Each of the above mentioned spreads makes use of different option types, techniques and predicted price movements. The variable element is the price movement which is it not guaranteed, and the details of each spread involve several variables and concepts, only a few of which are mentioned herein. In other words, when researching and making use of option spreads, it can be a good idea to pay close attention to 1) how the spread works, 2) when it is profitable, 3) the likelihood of it succeeding and 4) the monetary risk involved.

An options spread is trading mechanism that makes use of two financial instruments known as options. These are comprised of products from which the options' price is derived. Different types of options spreads are used to make use of 1) different price movement directions, 2) time of price movement, 3) extent of price movement and 4) combination of options used.

Options spreads are bought and sold using brokers and trade through markets such as the Chicago Board Options Exchange (CBOE). Options spreads are regulated by the Securities and Exchange Commission (SEC), and the Commodity Futures Trading Commission (CFTC). These regulatory bodies are further assisted by the participation of individual options exchanges in collaborative surveillance of their business through the Options Regulatory Surveillance Authority (ORSA)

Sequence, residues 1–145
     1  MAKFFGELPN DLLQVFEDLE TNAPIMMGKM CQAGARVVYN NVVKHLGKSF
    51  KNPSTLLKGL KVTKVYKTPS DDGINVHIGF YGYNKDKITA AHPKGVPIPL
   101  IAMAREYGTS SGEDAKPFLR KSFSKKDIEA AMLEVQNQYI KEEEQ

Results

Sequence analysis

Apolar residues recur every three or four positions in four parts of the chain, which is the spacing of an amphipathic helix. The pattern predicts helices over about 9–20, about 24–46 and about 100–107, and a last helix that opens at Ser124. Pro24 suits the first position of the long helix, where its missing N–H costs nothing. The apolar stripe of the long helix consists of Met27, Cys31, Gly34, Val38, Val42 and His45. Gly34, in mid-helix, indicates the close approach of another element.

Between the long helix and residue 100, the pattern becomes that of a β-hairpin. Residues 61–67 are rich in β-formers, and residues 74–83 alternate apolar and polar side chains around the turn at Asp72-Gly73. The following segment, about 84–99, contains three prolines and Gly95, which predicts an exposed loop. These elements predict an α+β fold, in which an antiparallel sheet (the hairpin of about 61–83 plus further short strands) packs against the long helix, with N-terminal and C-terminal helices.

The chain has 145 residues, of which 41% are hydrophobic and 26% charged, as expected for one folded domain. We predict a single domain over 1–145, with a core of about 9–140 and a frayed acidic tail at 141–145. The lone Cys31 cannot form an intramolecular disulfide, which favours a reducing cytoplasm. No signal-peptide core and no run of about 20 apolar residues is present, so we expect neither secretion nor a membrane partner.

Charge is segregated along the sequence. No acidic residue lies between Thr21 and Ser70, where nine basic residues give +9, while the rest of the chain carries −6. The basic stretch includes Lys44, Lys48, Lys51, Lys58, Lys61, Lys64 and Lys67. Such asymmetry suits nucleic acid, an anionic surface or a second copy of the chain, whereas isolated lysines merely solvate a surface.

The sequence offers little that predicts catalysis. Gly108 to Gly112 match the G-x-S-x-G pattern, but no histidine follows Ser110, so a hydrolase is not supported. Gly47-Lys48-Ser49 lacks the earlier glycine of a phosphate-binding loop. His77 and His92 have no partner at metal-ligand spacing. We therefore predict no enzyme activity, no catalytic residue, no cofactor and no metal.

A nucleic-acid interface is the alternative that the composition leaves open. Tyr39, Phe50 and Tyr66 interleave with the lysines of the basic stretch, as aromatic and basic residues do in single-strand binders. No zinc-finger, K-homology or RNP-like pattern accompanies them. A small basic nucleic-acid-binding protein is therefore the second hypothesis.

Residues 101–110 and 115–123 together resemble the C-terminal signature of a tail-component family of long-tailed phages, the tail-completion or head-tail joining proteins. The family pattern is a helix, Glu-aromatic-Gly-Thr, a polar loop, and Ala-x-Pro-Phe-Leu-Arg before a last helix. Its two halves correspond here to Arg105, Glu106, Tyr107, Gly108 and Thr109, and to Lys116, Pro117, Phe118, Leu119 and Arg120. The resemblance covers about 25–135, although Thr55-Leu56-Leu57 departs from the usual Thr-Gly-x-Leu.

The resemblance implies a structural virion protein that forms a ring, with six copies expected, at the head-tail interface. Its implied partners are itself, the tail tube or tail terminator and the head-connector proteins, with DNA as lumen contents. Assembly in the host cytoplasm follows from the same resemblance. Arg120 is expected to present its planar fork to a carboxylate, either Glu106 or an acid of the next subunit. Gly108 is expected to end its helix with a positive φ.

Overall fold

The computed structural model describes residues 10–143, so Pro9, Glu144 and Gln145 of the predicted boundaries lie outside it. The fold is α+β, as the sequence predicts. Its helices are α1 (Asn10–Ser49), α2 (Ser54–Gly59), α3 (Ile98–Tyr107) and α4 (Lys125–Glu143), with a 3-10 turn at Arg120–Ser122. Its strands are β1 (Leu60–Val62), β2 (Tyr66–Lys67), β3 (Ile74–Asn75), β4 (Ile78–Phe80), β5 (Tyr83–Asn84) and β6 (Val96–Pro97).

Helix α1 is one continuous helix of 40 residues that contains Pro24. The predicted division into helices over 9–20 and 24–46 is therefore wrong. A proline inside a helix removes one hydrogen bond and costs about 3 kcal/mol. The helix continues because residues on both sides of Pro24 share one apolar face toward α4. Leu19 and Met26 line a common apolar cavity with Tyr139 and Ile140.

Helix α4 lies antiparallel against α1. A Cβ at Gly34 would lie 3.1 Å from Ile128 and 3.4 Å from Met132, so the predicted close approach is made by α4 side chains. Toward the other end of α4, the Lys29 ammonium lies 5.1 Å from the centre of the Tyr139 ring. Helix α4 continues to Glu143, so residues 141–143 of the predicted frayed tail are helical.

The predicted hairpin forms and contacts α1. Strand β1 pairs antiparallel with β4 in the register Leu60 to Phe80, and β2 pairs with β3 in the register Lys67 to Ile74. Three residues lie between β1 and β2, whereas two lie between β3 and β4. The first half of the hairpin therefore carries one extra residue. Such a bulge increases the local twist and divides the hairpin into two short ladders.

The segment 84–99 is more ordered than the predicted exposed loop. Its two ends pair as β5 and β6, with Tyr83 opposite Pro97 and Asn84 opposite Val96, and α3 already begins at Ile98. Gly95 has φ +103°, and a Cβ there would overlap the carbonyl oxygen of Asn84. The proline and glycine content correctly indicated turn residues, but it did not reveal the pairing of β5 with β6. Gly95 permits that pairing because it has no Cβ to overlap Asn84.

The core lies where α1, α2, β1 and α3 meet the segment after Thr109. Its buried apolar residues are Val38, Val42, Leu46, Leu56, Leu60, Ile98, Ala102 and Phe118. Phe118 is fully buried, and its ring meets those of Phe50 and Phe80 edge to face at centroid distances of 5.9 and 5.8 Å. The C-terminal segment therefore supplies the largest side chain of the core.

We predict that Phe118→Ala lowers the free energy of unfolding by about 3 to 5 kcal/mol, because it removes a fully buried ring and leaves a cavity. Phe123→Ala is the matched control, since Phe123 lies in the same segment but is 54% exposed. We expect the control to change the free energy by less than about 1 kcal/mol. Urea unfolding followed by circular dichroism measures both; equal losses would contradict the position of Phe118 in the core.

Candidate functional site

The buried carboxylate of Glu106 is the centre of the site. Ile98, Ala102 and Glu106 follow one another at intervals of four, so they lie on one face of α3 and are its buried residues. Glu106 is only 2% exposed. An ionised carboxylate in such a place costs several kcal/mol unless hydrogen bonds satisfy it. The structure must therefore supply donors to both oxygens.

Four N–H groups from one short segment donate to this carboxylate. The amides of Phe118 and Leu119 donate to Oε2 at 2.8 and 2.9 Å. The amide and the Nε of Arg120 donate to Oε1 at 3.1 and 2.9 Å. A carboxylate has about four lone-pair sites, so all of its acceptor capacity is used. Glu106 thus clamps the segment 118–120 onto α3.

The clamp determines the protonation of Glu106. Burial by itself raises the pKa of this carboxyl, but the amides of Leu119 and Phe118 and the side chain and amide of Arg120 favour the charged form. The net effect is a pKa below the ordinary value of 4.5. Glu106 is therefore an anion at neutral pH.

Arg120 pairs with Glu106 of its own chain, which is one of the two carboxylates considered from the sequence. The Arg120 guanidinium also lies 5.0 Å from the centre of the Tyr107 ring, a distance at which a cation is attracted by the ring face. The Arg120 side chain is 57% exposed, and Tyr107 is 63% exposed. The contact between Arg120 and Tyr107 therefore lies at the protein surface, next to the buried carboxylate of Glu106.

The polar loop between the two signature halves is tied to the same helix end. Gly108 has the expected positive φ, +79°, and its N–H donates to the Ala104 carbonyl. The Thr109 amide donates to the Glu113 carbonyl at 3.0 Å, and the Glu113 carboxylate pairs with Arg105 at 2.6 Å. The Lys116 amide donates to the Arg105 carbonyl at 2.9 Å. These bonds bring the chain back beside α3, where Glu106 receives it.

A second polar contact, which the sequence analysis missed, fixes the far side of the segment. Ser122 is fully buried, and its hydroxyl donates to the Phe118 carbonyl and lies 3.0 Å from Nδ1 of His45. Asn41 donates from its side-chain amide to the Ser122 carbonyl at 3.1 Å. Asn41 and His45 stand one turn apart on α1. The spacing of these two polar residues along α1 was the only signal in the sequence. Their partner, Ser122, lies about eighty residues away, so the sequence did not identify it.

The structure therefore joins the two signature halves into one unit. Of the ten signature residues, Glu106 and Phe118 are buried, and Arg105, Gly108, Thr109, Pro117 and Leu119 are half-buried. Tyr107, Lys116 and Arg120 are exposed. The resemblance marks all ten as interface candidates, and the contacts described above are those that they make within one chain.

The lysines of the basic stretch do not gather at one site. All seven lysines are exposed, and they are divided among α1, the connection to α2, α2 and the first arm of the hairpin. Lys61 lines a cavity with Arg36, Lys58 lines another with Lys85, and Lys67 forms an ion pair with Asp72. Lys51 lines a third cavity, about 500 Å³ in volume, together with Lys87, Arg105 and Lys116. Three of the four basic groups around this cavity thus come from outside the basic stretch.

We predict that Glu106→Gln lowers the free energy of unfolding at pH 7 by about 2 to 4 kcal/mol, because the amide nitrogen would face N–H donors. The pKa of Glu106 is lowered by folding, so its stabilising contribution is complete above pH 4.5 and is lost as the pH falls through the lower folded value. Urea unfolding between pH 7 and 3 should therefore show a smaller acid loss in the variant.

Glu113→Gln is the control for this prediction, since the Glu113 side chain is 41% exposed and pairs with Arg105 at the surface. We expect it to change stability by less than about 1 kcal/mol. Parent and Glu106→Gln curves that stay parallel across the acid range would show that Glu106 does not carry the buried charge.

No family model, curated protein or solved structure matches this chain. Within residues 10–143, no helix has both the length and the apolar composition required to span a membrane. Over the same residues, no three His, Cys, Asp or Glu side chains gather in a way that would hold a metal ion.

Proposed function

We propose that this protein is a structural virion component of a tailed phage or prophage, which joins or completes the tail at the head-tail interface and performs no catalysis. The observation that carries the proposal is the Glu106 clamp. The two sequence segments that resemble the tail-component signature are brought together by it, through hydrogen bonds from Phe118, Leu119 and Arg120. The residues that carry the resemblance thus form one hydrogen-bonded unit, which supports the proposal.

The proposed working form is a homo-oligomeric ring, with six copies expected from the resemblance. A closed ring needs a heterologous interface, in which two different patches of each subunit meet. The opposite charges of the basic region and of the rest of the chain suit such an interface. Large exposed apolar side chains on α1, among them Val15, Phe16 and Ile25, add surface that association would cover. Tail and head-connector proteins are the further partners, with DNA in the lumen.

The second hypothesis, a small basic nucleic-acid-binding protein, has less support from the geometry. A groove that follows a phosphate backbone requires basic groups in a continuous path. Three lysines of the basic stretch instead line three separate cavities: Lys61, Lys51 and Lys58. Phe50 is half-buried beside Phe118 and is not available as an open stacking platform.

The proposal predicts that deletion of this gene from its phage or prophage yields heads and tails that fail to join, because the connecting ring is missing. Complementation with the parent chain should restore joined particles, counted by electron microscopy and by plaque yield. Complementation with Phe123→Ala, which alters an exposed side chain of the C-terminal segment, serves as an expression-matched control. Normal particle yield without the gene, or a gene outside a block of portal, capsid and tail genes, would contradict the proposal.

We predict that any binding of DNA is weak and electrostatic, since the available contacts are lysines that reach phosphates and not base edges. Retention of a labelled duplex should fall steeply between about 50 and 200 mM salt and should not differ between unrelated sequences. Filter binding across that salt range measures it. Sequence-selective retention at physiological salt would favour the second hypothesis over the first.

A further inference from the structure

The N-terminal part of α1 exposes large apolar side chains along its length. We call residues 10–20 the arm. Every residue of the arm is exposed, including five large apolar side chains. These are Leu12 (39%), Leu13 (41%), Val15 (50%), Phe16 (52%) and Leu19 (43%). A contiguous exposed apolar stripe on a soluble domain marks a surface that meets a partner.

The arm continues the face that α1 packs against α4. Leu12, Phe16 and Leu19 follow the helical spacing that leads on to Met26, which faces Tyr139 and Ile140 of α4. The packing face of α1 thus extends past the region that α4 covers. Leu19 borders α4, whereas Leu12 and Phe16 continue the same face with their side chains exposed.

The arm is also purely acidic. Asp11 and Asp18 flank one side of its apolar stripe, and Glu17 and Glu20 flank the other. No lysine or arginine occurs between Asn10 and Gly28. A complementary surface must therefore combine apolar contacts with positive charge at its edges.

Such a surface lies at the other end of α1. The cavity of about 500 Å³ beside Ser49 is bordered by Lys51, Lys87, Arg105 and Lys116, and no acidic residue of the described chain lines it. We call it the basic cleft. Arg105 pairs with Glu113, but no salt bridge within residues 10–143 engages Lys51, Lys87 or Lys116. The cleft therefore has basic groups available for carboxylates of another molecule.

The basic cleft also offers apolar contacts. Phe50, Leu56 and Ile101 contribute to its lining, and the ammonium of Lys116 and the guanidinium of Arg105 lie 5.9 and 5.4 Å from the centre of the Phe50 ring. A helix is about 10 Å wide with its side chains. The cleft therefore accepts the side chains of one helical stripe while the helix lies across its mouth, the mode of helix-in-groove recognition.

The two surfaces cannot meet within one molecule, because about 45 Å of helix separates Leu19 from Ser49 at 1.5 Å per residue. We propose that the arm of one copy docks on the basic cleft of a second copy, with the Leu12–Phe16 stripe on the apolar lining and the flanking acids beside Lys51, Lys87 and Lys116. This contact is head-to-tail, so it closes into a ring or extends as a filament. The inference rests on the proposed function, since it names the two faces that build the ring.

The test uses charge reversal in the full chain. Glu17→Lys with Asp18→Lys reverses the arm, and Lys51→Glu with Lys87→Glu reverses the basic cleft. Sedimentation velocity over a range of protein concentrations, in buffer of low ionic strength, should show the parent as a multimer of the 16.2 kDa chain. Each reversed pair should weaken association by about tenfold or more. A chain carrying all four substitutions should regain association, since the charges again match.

Source: http://www.optionseducation.org/ (Options Industry Council)

The benefits of credit derivatives

Credit derivatives are exactly what the name implies i.e. derived from credit. In other words the financial instruments such as collateralized bonds are created from a credit instrument such as commercial credit or commercial loans. To illustrate, ABC company takes out a loan for project development from XYZ bank. XYZ bank has several such loan agreements with several companies. XYZ then decides it needs more capital to make more loans so it creates additional bank products such as bonds, that are collateralized by the commercial loans to ABC and other companies. These bonds are an example of credit derivatives since their value is based on the commercial loans.

Types of credit derivatives

Several types of credit derivatives exist, each with it's own purpose, core product, and rules of exchange. The reason derivatives have become more refined over time is because they tend to improve the efficiency of the originators business operations which in turn provides incentive for their creation. A few examples of derivatives are given below:

• Commodities derivatives: Financial instruments that's value is based on commodity value
• Corporate Bonds: Ex-Bundled loans in the form of an actively traded bond
• Credit Derivative Swaps: Ex- Exchanging of derivatives for insurance and/or another derivative.